Saturday, May 14, 2016

farewell miz oliver

In 80 and 81, I was in middle school. Every Wednesday, we would pile into Jay Victory's van and carpool to Amory Oliver's Dance Studio, where we foxtrotted to the Bee Gees, two-stepped to George Strait, and cha-chaed to Santana.

The girls would be seated along the wall. The boys would walk by to choose partners; then for the next dance the boys would line up and the girls would choose. If you were seated, you looked at the parade of choosers, knowing you were being evaluated and wondering who would deem you suitable; if you were the chooser, you walked and walked, wondering whether you were passing up your best choice or whether a better one was down the way. It was a mortifying and thrilling microcosm of dating and relationships, a one-minute picture of the next 20 years of my life.

The fact is that you are being evaluated, and you may as well put your best foot forward. Miraculously, during your most awkward time of life, you got guidance in manners, morals, and motion from Miz Oliver.

(That's right, Miz. She never ordered us to call her "Mrs," to my recollection, nor "Miss." You could in retrospect spell it "Ms," but spelling it "Miz" reminds you that the women of Texas had their own brand of feminism, and a form of address that fit it perfectly, decades before all that national handwringing that wound up with everyone saying ... Miz.)

She ushered San Antonio's cotillion-going crowd into the room. No exaggeration. I was on a date with an Oliverite when we both found out she was closing her doors. We stared at each other blankly and wondered what on earth people were going to do. To tell the truth, I still don't know — a world without Amory Oliver? How could younger generations have survived?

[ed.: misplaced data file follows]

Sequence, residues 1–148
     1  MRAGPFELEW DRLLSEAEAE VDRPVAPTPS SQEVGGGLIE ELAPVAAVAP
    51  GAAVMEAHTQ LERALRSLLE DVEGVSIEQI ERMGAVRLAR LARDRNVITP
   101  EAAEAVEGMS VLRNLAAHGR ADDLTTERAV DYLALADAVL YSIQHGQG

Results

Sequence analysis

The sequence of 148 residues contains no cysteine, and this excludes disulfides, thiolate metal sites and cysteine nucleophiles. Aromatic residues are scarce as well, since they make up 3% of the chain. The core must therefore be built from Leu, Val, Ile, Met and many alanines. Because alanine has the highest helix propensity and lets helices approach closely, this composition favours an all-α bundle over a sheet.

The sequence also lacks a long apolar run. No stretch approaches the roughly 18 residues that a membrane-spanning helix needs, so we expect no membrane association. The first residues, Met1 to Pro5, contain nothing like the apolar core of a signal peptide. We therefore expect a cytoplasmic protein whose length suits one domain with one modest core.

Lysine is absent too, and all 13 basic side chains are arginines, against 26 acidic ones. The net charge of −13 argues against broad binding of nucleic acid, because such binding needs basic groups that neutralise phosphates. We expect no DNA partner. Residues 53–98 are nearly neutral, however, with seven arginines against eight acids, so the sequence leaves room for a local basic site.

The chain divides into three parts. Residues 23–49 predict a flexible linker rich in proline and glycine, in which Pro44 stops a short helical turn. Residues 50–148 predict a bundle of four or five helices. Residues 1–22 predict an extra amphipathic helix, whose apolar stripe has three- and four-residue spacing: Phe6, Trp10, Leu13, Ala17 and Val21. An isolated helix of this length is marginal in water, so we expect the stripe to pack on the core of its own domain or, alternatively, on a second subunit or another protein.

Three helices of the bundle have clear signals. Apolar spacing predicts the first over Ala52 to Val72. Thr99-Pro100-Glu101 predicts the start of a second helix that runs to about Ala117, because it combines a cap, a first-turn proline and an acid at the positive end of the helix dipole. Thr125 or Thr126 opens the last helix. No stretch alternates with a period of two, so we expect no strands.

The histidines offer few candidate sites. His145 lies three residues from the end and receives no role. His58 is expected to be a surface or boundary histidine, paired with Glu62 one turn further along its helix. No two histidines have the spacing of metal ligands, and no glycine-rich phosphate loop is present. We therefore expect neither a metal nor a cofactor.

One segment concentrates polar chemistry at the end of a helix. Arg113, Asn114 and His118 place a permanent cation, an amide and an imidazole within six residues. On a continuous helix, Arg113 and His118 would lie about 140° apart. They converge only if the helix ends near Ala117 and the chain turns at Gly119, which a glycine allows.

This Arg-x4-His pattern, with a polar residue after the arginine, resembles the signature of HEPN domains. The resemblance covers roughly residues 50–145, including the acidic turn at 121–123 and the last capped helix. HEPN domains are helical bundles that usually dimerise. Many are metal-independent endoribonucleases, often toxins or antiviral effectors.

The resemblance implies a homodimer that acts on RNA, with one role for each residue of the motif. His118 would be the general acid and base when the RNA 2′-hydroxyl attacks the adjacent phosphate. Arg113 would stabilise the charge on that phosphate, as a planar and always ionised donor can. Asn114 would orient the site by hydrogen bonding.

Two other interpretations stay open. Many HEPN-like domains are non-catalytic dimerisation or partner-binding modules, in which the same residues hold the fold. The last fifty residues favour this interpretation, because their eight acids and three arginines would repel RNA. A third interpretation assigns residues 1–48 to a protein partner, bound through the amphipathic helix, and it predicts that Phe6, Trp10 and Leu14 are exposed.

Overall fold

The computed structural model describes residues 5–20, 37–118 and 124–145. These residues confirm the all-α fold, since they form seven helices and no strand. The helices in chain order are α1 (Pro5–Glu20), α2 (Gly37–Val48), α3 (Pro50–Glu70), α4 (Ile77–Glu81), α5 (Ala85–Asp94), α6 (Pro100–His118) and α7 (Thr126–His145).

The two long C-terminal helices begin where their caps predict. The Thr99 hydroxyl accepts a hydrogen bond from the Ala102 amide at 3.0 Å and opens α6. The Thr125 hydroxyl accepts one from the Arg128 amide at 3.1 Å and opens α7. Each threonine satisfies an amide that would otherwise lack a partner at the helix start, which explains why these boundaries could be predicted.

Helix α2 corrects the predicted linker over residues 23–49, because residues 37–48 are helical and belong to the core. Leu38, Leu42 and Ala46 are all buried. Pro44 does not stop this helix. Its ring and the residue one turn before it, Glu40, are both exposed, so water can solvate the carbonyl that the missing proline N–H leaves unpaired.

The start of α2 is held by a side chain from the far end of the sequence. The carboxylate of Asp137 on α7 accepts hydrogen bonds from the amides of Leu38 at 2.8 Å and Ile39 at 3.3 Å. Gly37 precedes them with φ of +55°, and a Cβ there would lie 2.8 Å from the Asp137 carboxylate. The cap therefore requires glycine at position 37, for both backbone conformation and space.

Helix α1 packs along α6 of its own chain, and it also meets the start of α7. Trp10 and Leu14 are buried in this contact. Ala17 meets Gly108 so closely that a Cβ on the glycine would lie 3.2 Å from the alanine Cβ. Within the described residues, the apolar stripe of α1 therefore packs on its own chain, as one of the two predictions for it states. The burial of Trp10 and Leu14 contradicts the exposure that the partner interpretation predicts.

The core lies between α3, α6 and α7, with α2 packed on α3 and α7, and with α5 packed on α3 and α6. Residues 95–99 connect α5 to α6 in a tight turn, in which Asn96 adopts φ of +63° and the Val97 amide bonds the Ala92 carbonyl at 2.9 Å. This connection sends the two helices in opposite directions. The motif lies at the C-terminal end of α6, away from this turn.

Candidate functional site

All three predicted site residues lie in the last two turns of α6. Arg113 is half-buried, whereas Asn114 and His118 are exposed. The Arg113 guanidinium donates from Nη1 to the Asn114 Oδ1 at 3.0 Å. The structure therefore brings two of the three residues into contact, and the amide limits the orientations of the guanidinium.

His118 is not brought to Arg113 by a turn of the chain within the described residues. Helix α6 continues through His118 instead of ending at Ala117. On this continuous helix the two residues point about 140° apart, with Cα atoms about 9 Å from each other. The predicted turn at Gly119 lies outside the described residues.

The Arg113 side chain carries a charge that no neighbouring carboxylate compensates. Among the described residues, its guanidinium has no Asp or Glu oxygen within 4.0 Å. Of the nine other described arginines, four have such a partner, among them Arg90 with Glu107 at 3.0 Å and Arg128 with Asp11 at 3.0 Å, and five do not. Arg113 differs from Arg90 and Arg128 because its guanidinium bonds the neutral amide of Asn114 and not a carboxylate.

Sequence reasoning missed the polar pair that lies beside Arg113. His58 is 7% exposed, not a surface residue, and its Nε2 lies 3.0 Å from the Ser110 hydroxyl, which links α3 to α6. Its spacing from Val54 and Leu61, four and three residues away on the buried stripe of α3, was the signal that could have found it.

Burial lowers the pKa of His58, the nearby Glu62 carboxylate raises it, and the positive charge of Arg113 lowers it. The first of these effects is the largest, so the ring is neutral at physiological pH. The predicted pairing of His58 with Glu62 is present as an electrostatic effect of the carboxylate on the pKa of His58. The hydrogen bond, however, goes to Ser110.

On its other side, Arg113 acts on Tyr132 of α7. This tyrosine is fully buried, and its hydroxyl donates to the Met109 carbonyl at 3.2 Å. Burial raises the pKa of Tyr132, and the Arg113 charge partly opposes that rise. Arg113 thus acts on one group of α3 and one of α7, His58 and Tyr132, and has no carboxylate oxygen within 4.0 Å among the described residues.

How indeed: she died the other day, loved by a terrific family and by countless people whose handshake is firmer and step more confident because of her. Maybe St Peter will finally win himself a chocolate bar.

Thank you, Miz Oliver. I just wish I could hear you remind me to smile one last time.

Wednesday, May 4, 2016

vow to refuse clickbait

DO NOT click on this link. The writers of the headline (not Maher and not the interviewer, but editors of Salon) crafted the headline as clickbait. Every time you see something like this, your first question should be, "What did he *really* say, if anything?"

In fact, he *didn't* say, "I refuse to watch John Oliver" (as the URL implies), nor did he say "I won't watch John Oliver" (as the headline implies).

The interviewer asked if he watched Oliver, commenting that he'd heard Maher didn't watch other comedians. Maher responded that that's right: he tries to stay away from other people's comedy because he doesn't want to be influenced, subconsciously or not, by what they're doing. It's a way to stay original.

I post this not because of Maher's merits, or the merits of the interview, or even the wisdom or unwisdom of staying away from other people's work. I post this because this kind of headline is bad for you. It's not nutritious; it's bad for the brain; it's bad for discourse; it's bad for democracy.

Monday, May 2, 2016

that's my girl

5-year-old Greta announces from the back seat that she must use the restroom. I tell her not to worry; we'll pull over immediately.

Fortunately, we're just that moment passing by a business owned by a friend, who's there. We stop in and ask if we can use their restroom.

Back in the car, I mention to Greta that this is our friend's business and this is where he works. She says, "Well, he's not dressed for it."